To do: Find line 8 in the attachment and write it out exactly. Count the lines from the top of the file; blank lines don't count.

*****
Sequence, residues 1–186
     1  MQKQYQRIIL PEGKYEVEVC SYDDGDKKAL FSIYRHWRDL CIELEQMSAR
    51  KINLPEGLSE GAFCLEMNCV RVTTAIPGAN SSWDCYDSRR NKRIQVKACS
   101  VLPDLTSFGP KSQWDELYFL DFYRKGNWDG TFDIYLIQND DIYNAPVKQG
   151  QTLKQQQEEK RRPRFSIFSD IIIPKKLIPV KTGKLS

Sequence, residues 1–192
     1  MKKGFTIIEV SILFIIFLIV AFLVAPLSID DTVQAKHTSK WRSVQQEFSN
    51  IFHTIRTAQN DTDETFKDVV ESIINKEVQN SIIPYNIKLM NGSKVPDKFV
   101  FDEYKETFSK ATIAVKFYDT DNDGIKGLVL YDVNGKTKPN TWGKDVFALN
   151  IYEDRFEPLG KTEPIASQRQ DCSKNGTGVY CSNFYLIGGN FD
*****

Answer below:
    51  IFHTIRTAQN DTDETFKDVV ESIINKEVQN SIIPYNIKLM NGSKVPDKFV